Patients with cancer are increasingly being asked to manage the symptoms and side effects, navigation between transitions in care, and long-term lifestyle and survivorship issues on their own. These skills, called self-management, are essential to ensure patients receive optimal cancer care and proactively manage their ongoing health needs. Oncology nurses are traditionally the clinicians who most frequently and extensively support patients in gaining self-management skills, yet standards for oncology nurses’ knowledge and skills related to patient self-management are lacking.
Responding to recent calls to create a competency framework, an international group of nurse leaders published a novel list of self-management competencies and performance criteria for broad implementation by oncology nurses. A group of oncology nurses with the International Society of Nurses in Cancer Care (ISNCC), led by Raymond Chan, PhD, RN from the College of Nursing and Health Sciences at Flinders University in Australia, published their process and outcomes for developing a self-management competency framework for oncology nurses in Cancer Nursing.
The consensus-building process to develop this framework included multiple rounds of deliberation and prioritization from a diverse, international group of experts in oncology nursing. First, an initial list of competencies was curated from existing white paper reports, studies demonstrating effective nurse-led strategies to support patient self-management in cancer, and international curricula for self-management. Second, a group of 21 ISNCC leaders reviewed this list and provided feedback multiple times to narrow down and clarify the list of competencies. Third, the resulting list of competencies was finalized based on feedback from the prior two rounds of review.
The final framework includes 6 domains. Within these domains are 10 competencies and 42 performance criteria. Below are brief descriptions of each domain. Detailed explanations of the performance criteria for each competency are listed in the publication.
- Person-centered and motivational interviewing communication skills. This includes establishing rapport and engaging individuals as partners and applying motivational interviewing skills.
- Whole-person assessment of self-management support needs and capacity for self-management. This includes assessing patient and family self-management support needs and assessing capacity for self-management of medical, emotional, and lifestyle tasks.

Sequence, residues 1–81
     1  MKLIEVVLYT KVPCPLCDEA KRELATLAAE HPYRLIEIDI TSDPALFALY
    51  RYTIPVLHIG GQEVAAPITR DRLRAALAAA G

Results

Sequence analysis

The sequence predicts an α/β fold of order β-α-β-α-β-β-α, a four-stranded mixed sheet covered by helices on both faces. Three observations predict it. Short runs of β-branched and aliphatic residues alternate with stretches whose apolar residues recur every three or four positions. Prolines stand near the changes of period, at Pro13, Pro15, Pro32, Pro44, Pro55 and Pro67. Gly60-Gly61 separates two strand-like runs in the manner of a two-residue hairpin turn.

- Health promotion theories and interventions. This includes applying health promotion theories and interventions to promote patient uptake of healthy lifestyle behaviors, both if the patient is at risk for or already diagnosed with cancer.
- Coaching for behavior change tailored to the patient’s phase in the cancer continuum. This includes applying knowledge and skills of coaching or motivational interviewing to support patient adoption of self-management behaviors. It also includes applying behavior change theories to promote patient autonomy relative to behavior change.
- Monitoring and evaluating patient changes in self-management behaviors and health outcomes. This includes evaluating patients’ changes in self-management behaviors and outcomes and assisting patients in self-monitoring their self-management behaviors.
- Quality improvement for integration of self-management support in cancer care. This includes using quality improvement strategies to evaluate how the provision of self-management support impacts patients’ self-management behaviors and health outcomes.
As the first competency framework for oncology nurses to support patient self-management, this study provides a starting point for implementing these competencies within educational and clinical settings. Oncology nurses likely use several of these self-management supports already, but the uniform knowledge and application of these skills can further improve the person-centered supportive care oncology nurses provide. Developing training and educational curricula around these domains can have broad impact in patient care and outcomes.
The researchers acknowledge the next steps in adoption and implementation of this framework include recognizing the context of care and organizational supports available to nurses seeking to adopt this framework. For example, researchers can work with practicing oncology nurses to understand the best ways to integrate these competencies into practice and minimize the impact of barriers to practice change. Moreover, this framework can help health care leadership and administrators see where additional support (time, financial, and educational) can address patient and clinician needs to ensure compliance with international standards. Ultimately, the goal is to improve oncology nurses’ training, and practice can ultimately improve patient self-management and outcomes.